foster family
While most of us were lucky enough to enjoy living with at least one of our parents whilst growing up, there are many children today who do not have that luxury. For a number of reasons, some parents are unable to properly care for their child. Sometimes children need a permanent home, other times they need a temporary one until the parent is able to care for their child again or an appropriate permanent home is found. When these transitory homes are not provided by other family members, they are provided by the generosity of the local community.

Although there are obvious similarities between adoption and fostering, the main difference is that adoption is a permanent transfer of the parental rights to someone else, whereas foster parents are not replacement parents because it is hoped that the child will be reunited with their biological parents once they are in a more able position to support them.

Foster parents are an important and valuable part of our community.  Many people wish to become foster parents for a variety of reasons. Some couples or individuals foster children with the desire to eventually adopt, but many foster parents are simply good-willed, altruistic people who wish to give something back to the community.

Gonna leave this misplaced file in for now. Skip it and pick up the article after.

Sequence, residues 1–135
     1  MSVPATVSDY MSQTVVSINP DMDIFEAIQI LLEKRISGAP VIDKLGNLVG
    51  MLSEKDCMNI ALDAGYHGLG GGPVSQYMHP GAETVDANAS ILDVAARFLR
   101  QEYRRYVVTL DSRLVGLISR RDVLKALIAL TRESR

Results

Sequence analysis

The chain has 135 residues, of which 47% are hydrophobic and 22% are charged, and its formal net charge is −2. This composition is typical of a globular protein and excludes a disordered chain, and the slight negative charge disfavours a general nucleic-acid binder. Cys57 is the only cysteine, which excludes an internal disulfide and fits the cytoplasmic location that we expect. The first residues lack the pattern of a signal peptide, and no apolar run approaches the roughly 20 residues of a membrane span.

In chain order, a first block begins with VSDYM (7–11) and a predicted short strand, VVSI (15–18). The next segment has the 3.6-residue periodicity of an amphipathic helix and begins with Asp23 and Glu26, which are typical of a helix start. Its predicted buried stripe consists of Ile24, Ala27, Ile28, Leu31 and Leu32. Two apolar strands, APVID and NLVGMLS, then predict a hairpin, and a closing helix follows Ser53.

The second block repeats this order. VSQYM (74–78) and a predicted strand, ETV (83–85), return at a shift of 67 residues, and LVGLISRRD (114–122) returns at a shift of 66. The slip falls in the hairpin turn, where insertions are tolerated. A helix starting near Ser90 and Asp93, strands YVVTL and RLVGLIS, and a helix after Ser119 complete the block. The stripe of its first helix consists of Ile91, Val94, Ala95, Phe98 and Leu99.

The application process

If you have decided that fostering is something that you would seriously like to pursue, the first thing you need to do is to get in touch with your local council or you can directly apply to a fostering agency in your local area.

Once you have registered your interest, the agency or the council will enquire into your background. They will check up on your health to make sure that you are physically and mentally well enough to look after a child. In addition, they will also run a criminal record check on you and any other people in the house who are of more than 18 years of age.

You will be invited to a group preparation session along with other hopeful foster carers. This will help prepare you for the transition to foster parent and will also give you the opportunity to ask questions.

Your application to become a foster parent will next be assessed by an independent fostering panel who will decide whether or not they think you are right for it. However, the panel do not have the final say, they only make a recommendation. It is up to the agency or council in the end, they have the final say.

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